DIABETES IN AUSTRALIA: A SNAPSHOT
The following article has been taken from Diabetes in Australia: A Snapshot (Cat. no. 4820.0.55.001) which was released on 30 April 2004.
This article provides a brief overview of the differentials in prevalence, risk factors, actions taken after diagnosis of diabetes mellitus, and resultant conditions from diabetes mellitus, using data from the 2001 ABS National Health Survey. A study is also made of the health of persons aged 45 years and over, comparing those in the population diagnosed with diabetes mellitus, with the rest of that age group. The article also draws on data from the ABS Causes of Death collection.
Diabetes was identified as a National Health Priority Area in 1996. It is a chronic condition in which blood glucose levels become too high due to the body producing little or no insulin, or not using insulin properly. Insulin is a hormone produced by the pancreas to assist the body to use glucose. Unless otherwise stated this article presents information sourced from the 2001 ABS National Health Survey (NHS).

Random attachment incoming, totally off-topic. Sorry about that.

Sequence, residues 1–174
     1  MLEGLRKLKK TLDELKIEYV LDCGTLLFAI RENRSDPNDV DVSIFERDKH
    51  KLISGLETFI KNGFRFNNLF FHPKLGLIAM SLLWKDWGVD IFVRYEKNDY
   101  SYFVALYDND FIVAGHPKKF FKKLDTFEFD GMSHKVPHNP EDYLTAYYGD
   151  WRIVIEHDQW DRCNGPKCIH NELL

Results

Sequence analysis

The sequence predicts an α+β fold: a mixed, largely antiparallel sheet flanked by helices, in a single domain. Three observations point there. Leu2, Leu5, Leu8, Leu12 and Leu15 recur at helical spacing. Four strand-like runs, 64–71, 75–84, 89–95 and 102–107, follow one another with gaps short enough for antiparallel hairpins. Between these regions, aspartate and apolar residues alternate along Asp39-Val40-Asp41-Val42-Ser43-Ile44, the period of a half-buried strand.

Types of diabetes
There are three types of diabetes:
- Type 1, or insulin dependent diabetes mellitus (likely to develop before 18 years of age).
- Type 2, or non-insulin dependent diabetes mellitus (likely to develop after 40 years of age).
- Gestational diabetes mellitus (occurs in about 4-6% of pregnancies). In this analysis, gestational diabetes has not been discussed as it is not a long-term condition.
- In 2001, 2.9% of the whole population reported that they had diabetes.
- The prevalence of diabetes rose from 1.2% in 1989-90 to 2.0% in 1995, and to 2.9% in 2001.
- In 2001, those reporting they had Type 1 diabetes accounted for 17% of those with long-term diabetes, those reporting they had Type 2 diabetes accounted for 78%, while 5% reported diabetes but did not know which type.
- Based on studies comparing self-reported diabetes with medical testing for diabetes, there is evidence that for every known case of diabetes, there is one undiagnosed case (International Diabetes Institute 2001, King & Rewers 1993).
AGE DISTRIBUTION OF PERSONS WITH DIABETES, BY TYPE, 2001
In the 2001 Indigenous supplement to the National Health Survey:
- Diabetes was reported by 5% of the Indigenous population.
- After adjusting for age, Indigenous Australians were more than three times as likely as non-Indigenous population to have diabetes (11% compared with 3%).
- Indigenous Australians living in remote rather than non-remote areas were approximately twice as likely to have diabetes (16% in remote areas, 9% in non-remote areas).
PREVALENCE OF DIABETES BY INDIGENOUS STATUS AND AGE GROUP, 2001
For further information about these and related statistics, contact the National Information and Referral Service on 1300 135 070 or Jane Griffin-Warwicke on Canberra (02) 6252 6535.